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enacted legislation that created a license to discriminate. that is so offensive to me as a hoosier, and i know it's offensive to people across the state of indiana, that we have to correct that. >> so he says it has to be corrected. he says they want to address the smear that has been levelled against indiana. regardless of how you get there, what the intention is or not, do you think because of the -- in the governor's view, the smear campaign, i guess what he believes is a stand-up law, you clearly disagree with him. do you think you're going to get what you want in the end? >> i think if the governor and everyone involved in this process will logically think about what is it that we need to take to restore the good reputation of our great state, then i think you'll realize you have to do more than just sort of gussy up this bill, which is already out there. you need to move boldly and make
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a bold statement that indiana does not allow discrimination against any person. we certainly don't allow it on the basis of sexual orientation. >> so senator, do you expect the governor to work with you on this point? >> i'm asking him to. i'm asking him -- let's have everybody set aside the politics involved here. you know, we need to restore the trust of people in the leadership of indiana. and that means for us to work together to find solution. now that solution cannot be timid. it can't be wordsmithing or tinkering with the current bill, which by the way, i don't think needs to this be passed. quite frankly we called for the repeal of it. if you're going to show strong leadership on this, and everyone involved in the process, and it should be a bipartisan effort, by the way. we should move to now amend our indiana civil rights act and include sexual orientation >> senator, thank you so much for being with us.
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i want to bring in someone who put out a remarkable front-page editorial that said "fix this now." that was the preamble that was a call fountain state assembly to fix what he calls a perception problem. tim, does this address the concerns that your paper clearly has? >> so far what we've heard are half steps, vague half steps. it's going to take bold action as we said this morning. half steps are not sufficient to put out this fire that's engulfed indiana in the last week. >> tim, you heard the governor say this isn't a problem with the law, it's a problem with perception. he says this perception is being created by smears and he also says it's being created by bad reporting. do you think that's the case or do you think that this law has now created this wave of economic reality where businesses are fleeing in some cases indianapolis?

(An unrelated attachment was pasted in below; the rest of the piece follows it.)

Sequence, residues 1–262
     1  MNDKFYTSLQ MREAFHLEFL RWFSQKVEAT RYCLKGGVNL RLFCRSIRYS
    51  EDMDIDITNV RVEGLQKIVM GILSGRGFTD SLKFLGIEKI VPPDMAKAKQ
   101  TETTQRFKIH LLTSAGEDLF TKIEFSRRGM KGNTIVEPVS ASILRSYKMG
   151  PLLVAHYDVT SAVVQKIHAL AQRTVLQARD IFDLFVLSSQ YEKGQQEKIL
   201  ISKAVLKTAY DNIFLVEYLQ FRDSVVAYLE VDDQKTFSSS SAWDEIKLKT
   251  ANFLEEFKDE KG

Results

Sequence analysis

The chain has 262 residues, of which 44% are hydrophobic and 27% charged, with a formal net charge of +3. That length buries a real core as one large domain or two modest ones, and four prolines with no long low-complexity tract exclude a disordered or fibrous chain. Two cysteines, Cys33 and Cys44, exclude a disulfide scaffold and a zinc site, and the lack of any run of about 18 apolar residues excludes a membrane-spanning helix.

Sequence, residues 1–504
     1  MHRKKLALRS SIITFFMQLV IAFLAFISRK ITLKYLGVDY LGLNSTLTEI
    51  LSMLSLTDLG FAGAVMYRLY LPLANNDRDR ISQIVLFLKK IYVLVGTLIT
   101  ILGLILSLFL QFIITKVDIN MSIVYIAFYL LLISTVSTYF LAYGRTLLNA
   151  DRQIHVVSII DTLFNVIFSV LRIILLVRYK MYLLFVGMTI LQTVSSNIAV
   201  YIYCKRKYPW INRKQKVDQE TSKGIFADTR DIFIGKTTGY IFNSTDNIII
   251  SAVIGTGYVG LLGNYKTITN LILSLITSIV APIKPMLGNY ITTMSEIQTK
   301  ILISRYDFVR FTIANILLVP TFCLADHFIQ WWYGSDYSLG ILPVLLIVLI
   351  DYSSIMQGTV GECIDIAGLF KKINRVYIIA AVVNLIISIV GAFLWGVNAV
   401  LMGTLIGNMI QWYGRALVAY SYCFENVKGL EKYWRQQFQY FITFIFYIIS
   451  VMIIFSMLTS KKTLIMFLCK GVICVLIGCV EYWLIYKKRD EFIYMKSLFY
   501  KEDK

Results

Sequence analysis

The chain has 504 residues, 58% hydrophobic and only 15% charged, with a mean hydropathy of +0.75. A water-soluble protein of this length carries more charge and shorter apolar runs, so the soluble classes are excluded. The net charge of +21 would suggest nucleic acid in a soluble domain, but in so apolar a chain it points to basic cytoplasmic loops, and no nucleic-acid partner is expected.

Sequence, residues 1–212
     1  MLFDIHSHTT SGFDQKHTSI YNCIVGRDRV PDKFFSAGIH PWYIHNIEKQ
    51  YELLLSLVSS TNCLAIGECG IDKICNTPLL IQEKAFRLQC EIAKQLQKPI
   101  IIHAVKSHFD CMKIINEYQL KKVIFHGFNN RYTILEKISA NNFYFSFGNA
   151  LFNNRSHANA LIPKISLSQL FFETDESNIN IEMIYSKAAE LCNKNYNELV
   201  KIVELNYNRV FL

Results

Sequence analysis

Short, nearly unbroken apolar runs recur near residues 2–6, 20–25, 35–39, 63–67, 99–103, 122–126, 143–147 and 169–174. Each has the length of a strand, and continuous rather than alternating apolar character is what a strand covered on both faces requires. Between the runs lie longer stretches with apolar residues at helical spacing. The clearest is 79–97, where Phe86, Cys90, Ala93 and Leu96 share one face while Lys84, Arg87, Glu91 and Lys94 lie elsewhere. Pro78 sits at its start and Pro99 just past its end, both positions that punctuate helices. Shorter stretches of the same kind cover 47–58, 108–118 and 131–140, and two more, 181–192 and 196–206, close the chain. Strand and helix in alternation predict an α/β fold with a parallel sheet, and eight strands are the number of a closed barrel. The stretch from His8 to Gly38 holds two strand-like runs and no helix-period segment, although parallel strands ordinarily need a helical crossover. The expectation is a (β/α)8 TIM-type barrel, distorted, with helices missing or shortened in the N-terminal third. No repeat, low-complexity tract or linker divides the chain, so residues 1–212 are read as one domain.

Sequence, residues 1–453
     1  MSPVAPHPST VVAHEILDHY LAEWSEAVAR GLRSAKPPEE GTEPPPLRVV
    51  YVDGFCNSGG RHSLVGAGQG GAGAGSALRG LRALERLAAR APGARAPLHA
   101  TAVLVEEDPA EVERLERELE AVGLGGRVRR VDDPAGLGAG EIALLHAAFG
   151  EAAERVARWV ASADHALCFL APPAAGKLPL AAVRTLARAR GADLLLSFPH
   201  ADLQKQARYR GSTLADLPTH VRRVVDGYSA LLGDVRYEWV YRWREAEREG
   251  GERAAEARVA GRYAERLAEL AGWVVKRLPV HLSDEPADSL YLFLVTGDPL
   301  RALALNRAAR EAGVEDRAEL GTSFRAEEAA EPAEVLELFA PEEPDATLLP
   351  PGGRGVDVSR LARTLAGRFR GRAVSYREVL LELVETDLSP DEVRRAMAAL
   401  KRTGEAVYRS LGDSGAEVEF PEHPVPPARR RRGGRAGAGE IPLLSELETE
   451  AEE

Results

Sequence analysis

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>> i think we need to focus on addressing the economic reality, where we are today. there was an opportunity perhaps a month ago to make a case for this law. 2 that cloewindow's closed and th governor doesn't understand that. it's addressing the real issue. the message that's been received by the rest of the country and by many people in this state is that one that indiana will tolerate discrimination. we need to send a clear message that discrimination is against our values, that we will not tolerate that. half steps will not send that message. we have to take a bold step. we have to get outside of our comfort zones. the governor is not comfortable with take a bold step right now. but he's going to need to do that in order to put out this fire. >> tim, stick with us. let's get to mel robbins, cnn legal analyst. mel, you've been watching this and listening to this. there's a lot to discuss and a
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lot to be careful of here because this gets to legislation and a real legal question of really where is the line of discrimination? and you can final a legal analyst on every side of this debate we've found. what do you think of what you heard from the governor today? is he proposing a strong legal fix? >> well, what i heard the governor say is that he had read president clinton's bill from 1993. but what i'm wondering is, has he read his own bill? has he looked at section 9? there is a major distinction in the indiana law and the federal law and every other religious freedom law in the country. indiana under section 9 authorizes private individuals which also includes, by the way, corporations, limited partnerships, to have a defense, to bring a claim. so in other words, if you have a case where somebody is saying, hey, you're a florist and you're
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not willing to provide flowers in a public marketplace for my commitment ceremony, even though gay marriage is legal in indiana, what this law does, unlike any other law in any other state and unlike the federal government is it allows somebody to have a defense to a discrimination claim. and so before he starts to fix it, i suggest that the governor reads it, kate and john. >> ross, i want to bring you in here because before you were saying there was a misunderstanding on the law. that was the point that governor pence just made at length. he said right now there is a perception problem and he wants to fix that. but you write a very interesting column today where you say that society has moved so fast that that's playing into this. you just had the governor say on a podium he doesn't support discrimination of any kind yet he also supported a measure that would have declared marriage to be just between a man and a woman and there are people who will say that's discrimination. so you see this dilemma being